Today’s Provision: Be a person of peace. There’s a story of a Vietnam soldier rebuking the Buddhist monk, Thich Nhat Hanh, about his unswerving dedication to nonviolence. "You're a fool," said the man. "What if someone wiped out all the Buddhists and you were the last one left. Would you not try to kill the person who was trying to kill you, and in doing so save Buddhism?!" Thich Nhat Hanh answered patiently, "It would be better to let him kill me. If there is any truth to Buddhism and the Dharma it will not disappear from the face of the earth but will reappear when seekers of truth are ready to rediscover it. In killing, I would be betraying and abandoning the very teachings I would be seeking to preserve.” Is this not what Christ teaches as well? Anyone promoting violence in Christ’s name has it all wrong. Even when you and I react in a hateful manner, even to those who promote Christian violence, we have it wrong too. Let us pray to be people of peace.

Thursday, April 11: “The LORD is close to the broken-hearted; and those who are crushed in spirit he saves” (Ps 34).

“Part of the greatness of the Psalms, part of the source of its enduring appeal through the ages, is that it profoundly recognizes the bleakness, the dark terrors, the long nights of despair that shadow most lives, and against all this, evokes the notion of God’s caring presence that can and does reach out to the broken-hearted.” (Adapted from The Hebrew Bible, A Translation with Commentary, by Robert Alter)

Today’s Provision: Allow God’s mercy to comfort you. Even in these celebratory days of Easter, there are many among us—in our families and communities—whose spirits are crushed. Maybe you are one whose heart is broken. The joy of Easter can in fact make us feel worse: “Where is resurrection for me?” we ask. Empty platitudes of salvation do no good. Instead, let God’s caring presence be felt. If you are suffering, sit in silence and pray, “Come, Spirit of love and mercy!” If you are comforting another, be close. Your prayerful silence is a great channel for God’s merciful touch.

Friday, April 12: One of his disciples, Andrew, said to him, "There is a boy here who has five barley loaves and two fish; but what good are these for so many?” (Jn 6:1-15)

Imagine this scene. I see a young boy, maybe 11 or 12—like Jesus when he stayed behind in Jerusalem! He has made his way to the front of the crowd, wanting to hear the teacher’s every word. He hears Jesus’ question to Philip about buying food for all the people, and he shyly brings up his meager offering. So innocent like a child, so trusting, so willing to share what he has.

Today’s Provision: Share what you have. Are you ever put off by the number of people in your life and community needing to be “fed?” People close to you as well as the millions upon millions around the world who live in hunger and fear. “What can I do?” you ask. “I have so little to offer.” The next time you question what difference you can possibly make, remember this young boy. Sit close to Jesus. Listen to him. Have faith. He will take your meager offering and make it into a gift that feeds more than you could ever imagine!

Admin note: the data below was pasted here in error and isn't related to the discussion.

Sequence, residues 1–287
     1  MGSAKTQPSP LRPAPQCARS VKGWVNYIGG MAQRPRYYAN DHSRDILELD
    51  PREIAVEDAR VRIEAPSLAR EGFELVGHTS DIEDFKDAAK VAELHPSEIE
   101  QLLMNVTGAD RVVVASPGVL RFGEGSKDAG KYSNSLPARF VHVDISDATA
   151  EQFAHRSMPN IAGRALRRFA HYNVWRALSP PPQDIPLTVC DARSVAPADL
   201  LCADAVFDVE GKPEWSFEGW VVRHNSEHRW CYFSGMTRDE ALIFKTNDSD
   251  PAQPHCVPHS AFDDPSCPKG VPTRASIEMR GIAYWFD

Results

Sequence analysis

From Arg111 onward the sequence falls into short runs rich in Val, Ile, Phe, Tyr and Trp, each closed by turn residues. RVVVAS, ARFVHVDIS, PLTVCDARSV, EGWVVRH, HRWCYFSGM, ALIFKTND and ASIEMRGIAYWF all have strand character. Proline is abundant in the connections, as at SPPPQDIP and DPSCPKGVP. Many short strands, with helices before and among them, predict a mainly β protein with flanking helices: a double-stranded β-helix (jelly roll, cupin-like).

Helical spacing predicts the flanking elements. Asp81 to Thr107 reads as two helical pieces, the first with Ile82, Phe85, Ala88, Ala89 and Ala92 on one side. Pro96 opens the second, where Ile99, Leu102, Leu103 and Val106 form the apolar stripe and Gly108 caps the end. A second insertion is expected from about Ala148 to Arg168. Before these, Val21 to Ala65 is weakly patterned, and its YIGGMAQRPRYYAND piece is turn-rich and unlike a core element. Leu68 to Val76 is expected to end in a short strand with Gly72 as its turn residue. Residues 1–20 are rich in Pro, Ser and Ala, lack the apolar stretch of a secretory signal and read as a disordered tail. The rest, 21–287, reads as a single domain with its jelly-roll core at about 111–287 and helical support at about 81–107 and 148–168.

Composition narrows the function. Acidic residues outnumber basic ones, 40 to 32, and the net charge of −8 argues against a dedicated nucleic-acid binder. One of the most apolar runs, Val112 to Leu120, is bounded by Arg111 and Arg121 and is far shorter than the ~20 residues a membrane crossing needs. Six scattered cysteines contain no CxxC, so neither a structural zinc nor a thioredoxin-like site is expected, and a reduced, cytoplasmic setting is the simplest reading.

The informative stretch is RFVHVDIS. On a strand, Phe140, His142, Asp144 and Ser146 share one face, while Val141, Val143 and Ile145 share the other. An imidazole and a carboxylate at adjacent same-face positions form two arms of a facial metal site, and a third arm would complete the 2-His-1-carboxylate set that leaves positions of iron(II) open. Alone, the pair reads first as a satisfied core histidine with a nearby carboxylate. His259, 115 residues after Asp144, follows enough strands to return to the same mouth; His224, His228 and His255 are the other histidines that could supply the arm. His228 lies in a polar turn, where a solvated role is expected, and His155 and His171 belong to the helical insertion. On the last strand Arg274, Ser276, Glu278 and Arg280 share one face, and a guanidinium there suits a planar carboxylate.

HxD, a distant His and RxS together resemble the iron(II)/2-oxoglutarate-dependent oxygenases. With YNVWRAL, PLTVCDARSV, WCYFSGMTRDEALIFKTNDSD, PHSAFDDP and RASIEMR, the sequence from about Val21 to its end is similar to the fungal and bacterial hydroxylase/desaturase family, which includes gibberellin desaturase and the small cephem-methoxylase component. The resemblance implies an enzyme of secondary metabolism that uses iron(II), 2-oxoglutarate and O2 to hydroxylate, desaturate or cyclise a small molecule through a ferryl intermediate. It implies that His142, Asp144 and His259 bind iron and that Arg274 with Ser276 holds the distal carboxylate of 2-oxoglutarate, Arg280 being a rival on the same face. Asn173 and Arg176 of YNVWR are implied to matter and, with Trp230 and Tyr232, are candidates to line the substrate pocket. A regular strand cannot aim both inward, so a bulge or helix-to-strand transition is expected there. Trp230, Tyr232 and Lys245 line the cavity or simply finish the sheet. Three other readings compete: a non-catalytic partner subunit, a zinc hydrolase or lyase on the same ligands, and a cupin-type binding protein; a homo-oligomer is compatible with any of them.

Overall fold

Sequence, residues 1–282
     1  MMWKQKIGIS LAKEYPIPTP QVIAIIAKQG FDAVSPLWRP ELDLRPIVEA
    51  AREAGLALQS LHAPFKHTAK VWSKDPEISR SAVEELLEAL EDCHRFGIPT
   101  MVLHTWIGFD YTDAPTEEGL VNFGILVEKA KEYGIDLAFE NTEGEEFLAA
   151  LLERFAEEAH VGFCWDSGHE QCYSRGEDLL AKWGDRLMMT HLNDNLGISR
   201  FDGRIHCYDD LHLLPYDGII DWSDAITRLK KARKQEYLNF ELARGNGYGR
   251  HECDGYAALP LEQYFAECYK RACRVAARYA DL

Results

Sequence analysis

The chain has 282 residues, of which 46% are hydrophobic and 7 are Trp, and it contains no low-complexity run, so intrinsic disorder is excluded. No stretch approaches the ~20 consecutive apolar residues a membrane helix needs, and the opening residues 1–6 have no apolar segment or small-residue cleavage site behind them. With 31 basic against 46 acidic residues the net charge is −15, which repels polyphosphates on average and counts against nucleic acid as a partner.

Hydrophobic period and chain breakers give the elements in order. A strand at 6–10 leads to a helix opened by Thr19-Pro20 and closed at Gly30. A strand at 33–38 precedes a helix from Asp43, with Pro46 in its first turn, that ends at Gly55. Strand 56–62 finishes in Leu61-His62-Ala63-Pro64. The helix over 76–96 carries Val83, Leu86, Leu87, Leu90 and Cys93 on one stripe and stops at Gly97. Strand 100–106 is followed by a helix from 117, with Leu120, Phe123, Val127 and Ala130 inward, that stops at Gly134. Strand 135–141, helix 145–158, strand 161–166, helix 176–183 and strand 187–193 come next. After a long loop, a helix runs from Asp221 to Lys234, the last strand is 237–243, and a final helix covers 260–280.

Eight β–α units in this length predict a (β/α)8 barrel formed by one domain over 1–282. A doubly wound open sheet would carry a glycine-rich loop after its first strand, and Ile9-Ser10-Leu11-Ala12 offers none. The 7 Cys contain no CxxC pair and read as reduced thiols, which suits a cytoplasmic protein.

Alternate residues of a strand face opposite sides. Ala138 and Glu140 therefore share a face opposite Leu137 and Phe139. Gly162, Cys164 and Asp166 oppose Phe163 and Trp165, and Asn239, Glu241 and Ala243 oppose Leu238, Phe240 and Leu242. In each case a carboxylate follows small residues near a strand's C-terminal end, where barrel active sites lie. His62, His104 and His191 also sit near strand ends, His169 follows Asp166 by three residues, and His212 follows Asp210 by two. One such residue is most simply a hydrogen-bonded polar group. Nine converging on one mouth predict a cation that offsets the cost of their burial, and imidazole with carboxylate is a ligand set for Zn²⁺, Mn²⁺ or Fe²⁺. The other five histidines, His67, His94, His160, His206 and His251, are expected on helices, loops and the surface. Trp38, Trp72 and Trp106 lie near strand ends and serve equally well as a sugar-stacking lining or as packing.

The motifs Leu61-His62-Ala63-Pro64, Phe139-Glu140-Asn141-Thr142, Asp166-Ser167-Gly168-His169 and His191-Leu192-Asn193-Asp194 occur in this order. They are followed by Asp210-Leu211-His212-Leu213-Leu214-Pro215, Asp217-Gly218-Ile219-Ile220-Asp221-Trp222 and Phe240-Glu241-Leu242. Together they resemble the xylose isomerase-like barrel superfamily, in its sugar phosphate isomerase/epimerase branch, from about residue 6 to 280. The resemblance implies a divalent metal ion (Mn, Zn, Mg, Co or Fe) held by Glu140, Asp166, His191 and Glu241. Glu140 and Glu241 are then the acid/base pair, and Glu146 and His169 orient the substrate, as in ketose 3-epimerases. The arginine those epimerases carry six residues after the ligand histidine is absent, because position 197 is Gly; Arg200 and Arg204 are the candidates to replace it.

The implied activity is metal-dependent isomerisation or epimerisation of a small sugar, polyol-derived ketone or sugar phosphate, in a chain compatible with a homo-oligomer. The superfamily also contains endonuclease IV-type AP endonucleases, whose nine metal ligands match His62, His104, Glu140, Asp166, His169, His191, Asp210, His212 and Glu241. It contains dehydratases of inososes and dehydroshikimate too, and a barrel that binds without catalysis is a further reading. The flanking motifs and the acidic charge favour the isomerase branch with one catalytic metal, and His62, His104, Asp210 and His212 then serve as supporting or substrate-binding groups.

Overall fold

Saturday, April 13: As the number of disciples continued to grow, the Hellenists complained against the Hebrews
because their widows were being neglected in the daily distribution
(Acts 6:1-7).

Remember our reflections from Sunday and Wednesday? The Apostles were to distribute provisions based on the individual’s need and were to teach everyone about living this new way of life. It doesn’t take long for old biases and ways of being to emerge. It seems, to borrow an image from Animal Farm, that all the widows are equal, but the Hebrew widows are more equal than the Hellenist widows (diaspora Jews who spoke Greek instead of Hebrew/Aramaic). If you read into the text, it is the Apostles themselves who are guilty of this behavior, so they choose seven Hellenist men to take over the daily distribution. Let’s hope they did a better job of including everyone!

Today’s Provision: Examine your biases. We all have them, and it’s best to admit it so we can be more aware when these biases sneak into the way we judge or treat others. Consider the Campaign for Human Development’s principle of “Subsidiarity” which takes solidarity to a deeper level. Not only are we to stand with those we serve, but those people need to be an integral voice at the table when decisions are being made that impact them. So, in our story, it would be the Hebrew and Hellenist widows, as equal participants with the men, who would decide how the distribution would be handled. Women as full partners, participating in decision-making. Gee, what a concept! And you know what? This would have made Jesus very happy indeed!!

Elaine Ireland has a passion for working with parents and anyone who struggles to maintain a sense of God’s love and peace amid the day-to-day challenges of life. She has a master’s degree in Spiritual and Pastoral Care from the Pastoral Counseling department at Loyola, Maryland, with a focus on developmental psychology and spiritual guidance.  Rooted in Ignatian spirituality, she is a writer, retreat and workshop leader, and presenter on topics such as pastoral parenting, “letting go,” and finding the spiritual in the midst of everyday life. She lives in Ellicott City, Maryland with her husband, Mark and children, David and Maggie.

We hope you enjoy "Come and See!" and we welcome your input. Please contact Elaine Ireland at with questions, comments, and responses.

© 2009 - 2023, Elaine H. Ireland -